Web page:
This August, as our nation celebrates the 100th anniversary of the 19th Amendment,
giving women the right to vote, we wanted to share how the contributions of one South
Carolina Law graduate, Ida Salley Reamer, helped the movement gain traction in the
But as we dove into the research, we came across the stories of other alumnae who
also made tremendous strides in the fight for the rights of others. And while this
fact by itself isn’t surprising, it is remarkable how interconnected their stories
are, with each generation building upon the successes of the last.
We acknowledge that there is still work to do, and many more stories to tell. And
we hope to be able to share them in the future. But as we approach the century mark
of the 19th Amendment, we begin by celebrating five female legal pioneers who have
brought us this far on the long march towards equality.
Ida Salley Reamer
Ida Salley Reamer. Courtesy Nela Edgar.
On October 17, 2019, a group of distinguished guests gathered in the Coleman Karesh
Reading Room of the law library for a special ceremony in which the law diploma and
South Carolina Bar license of 1922 alumna Ida Salley Reamer were donated to the School of Law. During the ceremony, Nela Edgar, Reamer’s granddaughter, spoke eloquently of her grandmother and the mark her grandmother
made on women’s suffrage and children’s rights in her decades-long advocacy career.
Reamer burst into South Carolina history on Christmas day in 1884, and grew up on
a farm in Salley, South Carolina, near Aiken. She married her brother’s college roommate
but was not content to spend her days as a homemaker in Columbia or idly playing bridge
with society women, Edgar says.
With her two children in tow, she traveled door-to-door around the city to drum up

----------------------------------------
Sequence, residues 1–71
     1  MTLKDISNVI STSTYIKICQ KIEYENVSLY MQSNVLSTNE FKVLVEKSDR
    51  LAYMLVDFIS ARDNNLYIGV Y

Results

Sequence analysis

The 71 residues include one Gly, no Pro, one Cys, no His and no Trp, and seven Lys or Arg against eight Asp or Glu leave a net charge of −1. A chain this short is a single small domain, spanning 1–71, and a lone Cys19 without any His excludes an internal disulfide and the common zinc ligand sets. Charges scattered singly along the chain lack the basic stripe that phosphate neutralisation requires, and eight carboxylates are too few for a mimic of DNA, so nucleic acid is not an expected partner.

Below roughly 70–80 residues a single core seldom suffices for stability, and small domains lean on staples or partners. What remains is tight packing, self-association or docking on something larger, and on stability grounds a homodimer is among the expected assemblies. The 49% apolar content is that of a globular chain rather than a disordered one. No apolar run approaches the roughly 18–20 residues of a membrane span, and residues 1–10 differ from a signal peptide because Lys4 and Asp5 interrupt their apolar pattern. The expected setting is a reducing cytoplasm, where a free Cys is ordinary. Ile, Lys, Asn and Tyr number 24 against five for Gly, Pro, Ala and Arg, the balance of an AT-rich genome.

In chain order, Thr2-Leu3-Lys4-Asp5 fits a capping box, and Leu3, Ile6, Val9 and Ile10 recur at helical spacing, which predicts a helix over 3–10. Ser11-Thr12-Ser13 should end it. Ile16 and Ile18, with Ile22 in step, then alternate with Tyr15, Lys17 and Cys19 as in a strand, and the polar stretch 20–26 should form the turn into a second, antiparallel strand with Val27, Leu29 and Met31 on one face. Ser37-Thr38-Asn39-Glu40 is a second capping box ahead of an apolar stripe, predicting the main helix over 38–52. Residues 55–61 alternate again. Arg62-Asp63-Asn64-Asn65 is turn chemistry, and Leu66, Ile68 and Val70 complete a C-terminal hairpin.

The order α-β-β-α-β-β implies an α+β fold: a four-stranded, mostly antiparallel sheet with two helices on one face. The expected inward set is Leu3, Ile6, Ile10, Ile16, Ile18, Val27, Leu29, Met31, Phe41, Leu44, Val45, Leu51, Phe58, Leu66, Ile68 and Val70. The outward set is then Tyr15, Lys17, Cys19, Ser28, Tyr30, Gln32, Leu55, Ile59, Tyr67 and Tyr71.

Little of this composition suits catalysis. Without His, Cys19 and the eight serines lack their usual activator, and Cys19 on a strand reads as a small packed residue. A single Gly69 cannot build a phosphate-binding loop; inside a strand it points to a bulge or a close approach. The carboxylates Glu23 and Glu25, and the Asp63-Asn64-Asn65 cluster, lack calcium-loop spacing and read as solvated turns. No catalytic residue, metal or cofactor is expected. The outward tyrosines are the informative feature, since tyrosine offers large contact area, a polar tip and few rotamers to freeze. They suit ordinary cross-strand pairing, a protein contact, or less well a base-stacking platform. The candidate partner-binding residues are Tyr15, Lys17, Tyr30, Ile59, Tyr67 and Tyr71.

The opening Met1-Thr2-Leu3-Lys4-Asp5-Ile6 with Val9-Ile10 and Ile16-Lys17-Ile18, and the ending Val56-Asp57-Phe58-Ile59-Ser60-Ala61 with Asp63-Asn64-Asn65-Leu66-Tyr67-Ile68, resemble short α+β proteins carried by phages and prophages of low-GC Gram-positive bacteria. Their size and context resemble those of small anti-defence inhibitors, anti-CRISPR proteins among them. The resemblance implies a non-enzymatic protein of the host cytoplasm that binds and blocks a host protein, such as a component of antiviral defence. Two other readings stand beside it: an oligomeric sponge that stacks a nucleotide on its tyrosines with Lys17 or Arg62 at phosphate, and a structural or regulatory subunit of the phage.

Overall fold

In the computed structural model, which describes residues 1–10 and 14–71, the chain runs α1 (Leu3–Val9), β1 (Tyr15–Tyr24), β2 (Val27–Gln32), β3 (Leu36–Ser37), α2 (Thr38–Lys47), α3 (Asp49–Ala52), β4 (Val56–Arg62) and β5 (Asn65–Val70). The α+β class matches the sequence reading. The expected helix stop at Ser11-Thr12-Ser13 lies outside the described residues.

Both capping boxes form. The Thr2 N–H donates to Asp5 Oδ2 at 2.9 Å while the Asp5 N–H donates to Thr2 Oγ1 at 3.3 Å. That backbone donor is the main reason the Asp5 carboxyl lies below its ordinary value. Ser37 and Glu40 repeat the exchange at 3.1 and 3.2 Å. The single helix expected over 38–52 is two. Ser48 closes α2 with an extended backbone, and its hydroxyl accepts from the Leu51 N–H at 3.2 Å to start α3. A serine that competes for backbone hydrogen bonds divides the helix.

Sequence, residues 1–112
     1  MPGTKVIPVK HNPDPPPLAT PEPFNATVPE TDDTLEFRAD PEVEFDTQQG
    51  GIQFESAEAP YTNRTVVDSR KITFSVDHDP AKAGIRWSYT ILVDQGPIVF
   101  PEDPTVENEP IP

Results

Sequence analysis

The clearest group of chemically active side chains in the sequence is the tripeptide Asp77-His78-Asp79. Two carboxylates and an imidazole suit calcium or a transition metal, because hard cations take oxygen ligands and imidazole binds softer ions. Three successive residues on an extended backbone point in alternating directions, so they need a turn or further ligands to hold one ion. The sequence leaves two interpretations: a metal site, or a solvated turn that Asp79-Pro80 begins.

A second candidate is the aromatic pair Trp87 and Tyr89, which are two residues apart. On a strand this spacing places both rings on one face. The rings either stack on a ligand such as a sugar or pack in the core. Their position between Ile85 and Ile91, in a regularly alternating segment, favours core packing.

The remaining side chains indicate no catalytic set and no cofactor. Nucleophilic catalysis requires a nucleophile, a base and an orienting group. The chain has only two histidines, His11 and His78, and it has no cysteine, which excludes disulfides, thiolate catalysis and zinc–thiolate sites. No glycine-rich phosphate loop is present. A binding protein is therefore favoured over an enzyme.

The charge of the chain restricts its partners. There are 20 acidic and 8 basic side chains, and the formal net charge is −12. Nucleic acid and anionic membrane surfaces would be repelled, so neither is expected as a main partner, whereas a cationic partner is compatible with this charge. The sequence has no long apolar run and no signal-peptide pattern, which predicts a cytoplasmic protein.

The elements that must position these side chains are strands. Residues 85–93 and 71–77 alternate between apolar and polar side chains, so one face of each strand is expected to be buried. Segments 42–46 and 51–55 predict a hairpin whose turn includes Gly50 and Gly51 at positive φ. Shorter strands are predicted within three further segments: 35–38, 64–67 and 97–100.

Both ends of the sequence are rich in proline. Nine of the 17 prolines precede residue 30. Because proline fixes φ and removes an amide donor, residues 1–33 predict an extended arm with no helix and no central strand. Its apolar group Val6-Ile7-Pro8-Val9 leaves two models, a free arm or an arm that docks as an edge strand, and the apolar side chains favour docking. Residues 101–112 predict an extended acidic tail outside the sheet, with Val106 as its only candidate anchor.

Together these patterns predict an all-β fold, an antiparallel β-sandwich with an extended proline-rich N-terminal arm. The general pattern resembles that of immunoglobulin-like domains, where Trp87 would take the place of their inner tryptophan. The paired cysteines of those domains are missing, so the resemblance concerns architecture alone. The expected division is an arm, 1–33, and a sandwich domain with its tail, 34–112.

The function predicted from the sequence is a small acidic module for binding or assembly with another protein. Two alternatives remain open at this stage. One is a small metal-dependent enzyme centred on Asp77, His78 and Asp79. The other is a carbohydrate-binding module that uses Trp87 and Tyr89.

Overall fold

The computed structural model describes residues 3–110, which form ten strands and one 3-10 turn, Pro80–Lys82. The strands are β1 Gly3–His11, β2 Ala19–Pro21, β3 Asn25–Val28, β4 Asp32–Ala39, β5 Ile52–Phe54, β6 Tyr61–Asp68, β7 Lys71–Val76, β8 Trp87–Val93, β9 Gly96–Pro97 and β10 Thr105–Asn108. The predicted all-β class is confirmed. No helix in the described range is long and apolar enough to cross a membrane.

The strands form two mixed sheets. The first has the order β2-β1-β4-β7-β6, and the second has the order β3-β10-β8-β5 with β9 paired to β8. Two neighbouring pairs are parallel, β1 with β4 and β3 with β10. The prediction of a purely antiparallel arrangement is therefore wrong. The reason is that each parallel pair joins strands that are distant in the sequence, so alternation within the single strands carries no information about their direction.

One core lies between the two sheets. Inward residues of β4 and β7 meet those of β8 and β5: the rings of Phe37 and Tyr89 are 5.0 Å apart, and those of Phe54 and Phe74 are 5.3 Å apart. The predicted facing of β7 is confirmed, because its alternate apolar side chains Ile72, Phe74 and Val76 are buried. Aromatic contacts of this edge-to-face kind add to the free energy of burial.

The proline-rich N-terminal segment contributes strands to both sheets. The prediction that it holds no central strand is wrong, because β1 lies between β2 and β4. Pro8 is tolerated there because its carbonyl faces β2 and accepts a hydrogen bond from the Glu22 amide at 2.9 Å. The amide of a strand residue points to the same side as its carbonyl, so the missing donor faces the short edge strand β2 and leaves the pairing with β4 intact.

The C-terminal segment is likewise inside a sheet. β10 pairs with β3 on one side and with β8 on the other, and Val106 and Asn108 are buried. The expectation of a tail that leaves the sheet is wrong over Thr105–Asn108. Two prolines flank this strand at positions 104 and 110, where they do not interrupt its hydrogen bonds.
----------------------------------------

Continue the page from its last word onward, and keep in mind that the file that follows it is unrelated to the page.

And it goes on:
support for women’s voting rights as a member of the Equal Suffrage League of Columbia.
After the 19th amendment passed in 1920, she began educating women about voting registration
requirements. Reamer was elected president of the League of Women Voters of Columbia
and Richland County and became one of the first women in the state to register to
vote, according to Historic Columbia.
Her interest in exploring her rights as an enfranchised citizen inspired her to attend
law school at South Carolina where she created the first women’s citizenship course
and enlisted her daughter to act in moot court divorce cases. She graduated in 1922
as the top student in her class.
Reamer was one of the first 10 women to join the South Carolina bar. Although her
husband discouraged her from opening a law practice, she used her law degree in everything
she did, Edgar says. For instance, her training helped her craft compelling arguments
in her testimony before legislative committees on behalf of advocacy groups. Reamer
also worked pro bono for African-American sharecroppers and bailed numerous bootleggers
out of jail.
She was unabashed about using her talents, according to Historic Columbia saying,
“God gave me a brain to use and a heart to love, and I should use them both.”
1919 - 2018
Left to right are Mrs. Keller Bumgardner, second vice president; Mrs. Harriet King,
first vice president; and Sarah Leverette, president of the League of Women Voters
of South Carolina in the law library at the University of South Carolina in 1958.